The Legend of Ulenspiegel by Charles de Coster Book I Chapter 78

Towards ten o’clock in the forenoon Ulenspiegel and Soetkin were brought into the torture chamber.

There were the bailiff, the clerk and the sheriffs, the executioner from Bruges, his assistant and a barber surgeon.

The bailiff asked Soetkin if she was not holding back goods that belonged to the Emperor. She replied that having nothing, she could hold back nothing.

“And thou?” asked the bailiff, speaking to Ulenspiegel.

“Seven months since,” said he, “we inherited seven hundred carolus; some of these we ate. As for the others, I cannot tell where they are; I think indeed that the traveller on foot that stayed in our house, for our undoing, took the rest away, for I have seen nothing since then.”

The bailiff asked again if both persisted in declaring themselves innocent.

They answered that they were holding back nothing that belonged to the Emperor.

The bailiff then said gravely and sadly:

“The charges against you being serious and the accusation well sustained, you must needs, if you do not confess, undergo the question.”

“Spare the widow,” said Ulenspiegel. “The fishmonger has bought up everything.”

“Poor lad,” said Soetkin, “men cannot endure pain as women can.”

Seeing Ulenspiegel pale as the dead because of her, she said again:

“I have hate and force.”

“Spare the widow,” said Ulenspiegel.

“Take me in his stead,” said Soetkin.

The bailiff asked the executioner if he had in readiness the implements and all things needful to discover the truth.

The executioner replied:

“They are all here.”

The judges, having consulted, decided that, in order to come at the truth, they should begin with the woman.

“For,” said one of the sheriffs, “there is no son so cruel or hard hearted as to see his mother suffer without making confession of the crime and so to deliver her; the same will do any mother, were she a tigress at heart, for her offspring.”

Speaking to the executioner, the bailiff said:

“Make the woman sit in the chair and put the baguettes on her hands and her feet.”

The executioner obeyed.

“Oh, do not do that, Messieurs Judges!” cried Ulenspiegel. “Bind me in her place, break my fingers and my toes, but spare the widow.”

“The fishmonger,” said Soetkin. “I have hate and force.”

Ulenspiegel seemed livid pale, trembling, beside himself, and held his peace.

The baguettes were little rods of boxwood, placed between each finger and toe, touching the bone, and joined together with strings by an instrument so craftily designed that the executioner could, at the behest of the judge, squeeze all the fingers together, strip the bones of their flesh, grind them terribly, or give the victim only a slight pain.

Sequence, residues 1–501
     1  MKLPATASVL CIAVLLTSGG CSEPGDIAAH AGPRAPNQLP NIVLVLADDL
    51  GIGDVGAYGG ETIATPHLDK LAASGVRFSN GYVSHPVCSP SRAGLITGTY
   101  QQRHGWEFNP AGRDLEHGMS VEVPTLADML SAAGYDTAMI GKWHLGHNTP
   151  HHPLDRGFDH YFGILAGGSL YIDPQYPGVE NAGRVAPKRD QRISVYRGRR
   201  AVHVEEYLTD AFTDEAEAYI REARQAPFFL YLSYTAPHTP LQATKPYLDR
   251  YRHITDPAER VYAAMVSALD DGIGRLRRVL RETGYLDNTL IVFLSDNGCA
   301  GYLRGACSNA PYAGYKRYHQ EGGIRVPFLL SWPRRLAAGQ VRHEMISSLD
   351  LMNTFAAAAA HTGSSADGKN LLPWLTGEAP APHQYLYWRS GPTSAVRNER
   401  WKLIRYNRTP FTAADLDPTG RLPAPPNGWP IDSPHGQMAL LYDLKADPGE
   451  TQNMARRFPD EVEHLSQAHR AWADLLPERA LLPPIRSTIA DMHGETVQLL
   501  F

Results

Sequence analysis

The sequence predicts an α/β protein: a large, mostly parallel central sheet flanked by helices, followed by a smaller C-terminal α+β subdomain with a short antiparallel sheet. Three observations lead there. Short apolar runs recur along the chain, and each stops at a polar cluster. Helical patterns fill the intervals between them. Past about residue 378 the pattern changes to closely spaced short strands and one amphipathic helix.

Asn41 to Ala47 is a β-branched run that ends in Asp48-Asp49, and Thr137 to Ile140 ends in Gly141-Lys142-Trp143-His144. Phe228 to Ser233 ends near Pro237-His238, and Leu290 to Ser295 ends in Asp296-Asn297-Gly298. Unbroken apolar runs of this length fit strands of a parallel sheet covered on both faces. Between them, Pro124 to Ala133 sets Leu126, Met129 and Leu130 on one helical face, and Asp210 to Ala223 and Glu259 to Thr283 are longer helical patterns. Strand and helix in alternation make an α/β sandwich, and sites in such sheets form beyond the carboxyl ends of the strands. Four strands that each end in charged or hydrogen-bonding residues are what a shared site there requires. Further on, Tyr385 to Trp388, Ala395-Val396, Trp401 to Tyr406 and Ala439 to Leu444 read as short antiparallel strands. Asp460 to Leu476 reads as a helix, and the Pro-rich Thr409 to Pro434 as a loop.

He put the baguettes on Soetkin’s hands and feet.

“Tighten,” said the bailiff.

He did so cruelly.

Then the bailiff, addressing himself to Soetkin:

“Discover to me,” said he, “the place where the carolus are hidden.”

“I do not know it,” she replied, groaning.

“Harder,” said he.

Ulenspiegel twisted his arms that were bound behind his back to be rid of the rope and so come to Soetkin’s aid.

“Do not tighten them, messieurs judges,” said he, “do not tighten them, these be but woman’s bones, thin and brittle. A bird could break them with its beak. Do not tighten them, sirs – master executioner, I do not speak to you, for you must needs be obedient to these gentlemen’s orders. O do not bid him tighten them; have pity!”

“The fishmonger,” said Soetkin.

And Ulenspiegel held his peace.

However, seeing that the executioner was locking the baguettes tighter still, he cried out again:

“Pity, sirs!” he said. “Ye are breaking the widow’s fingers that she needeth to work withal. Alas! her feet! Will she never walk again now? Pity, sirs!”

“Thou shalt come to an ill end, fishmonger,” cried Soetkin.

And the bones crackled and the blood from her feet fell in little drops.

Ulenspiegel looked at all this, and trembling with anguish and with rage, he said:

“A woman’s bones, do not break them, sirs!”

“The fishmonger,” groaned Soetkin.

And her voice was low and stifled like the voice of a ghost.

Ulenspiegel trembled and cried out:

“Master judges, her hands are bleeding and her feet, too. The widow’s bones are broken, broken!”

The barber surgeon touched them with his finger, and Soetkin uttered a loud scream.

“Confess for her,” said the bailiff to Ulenspiegel.

But Soetkin looked at him with eyes like the eyes of the dead, wide open and staring. And he knew he could not speak, and he wept and said nothing.

But the bailiff said next:

“Since this woman is gifted with a man’s fortitude, we must try her courage before the torments of her son.”

Soetkin heard nothing, for she had lost her senses by reason of the great agony she had suffered.

They brought her back to consciousness with much vinegar. Then Ulenspiegel was stripped naked before the widow’s eyes. The executioner shaved his head and his whole body, so as to spy that he had no wicked spell on him. Then he perceived on his back the little black mark he carried from his birth. He thrust a long needle into it several times; but as the blood came, he decided that there was no sorcery in the mark. At the bailiff’s order, the hands of Ulenspiegel were tied with two cords running over a pulley fixed to the roof so that the executioner at the judges’ pleasure could hoist him up and let him drop with a brutal jerk; which he did nine times, having first hung a weight of twenty-five pounds on each foot.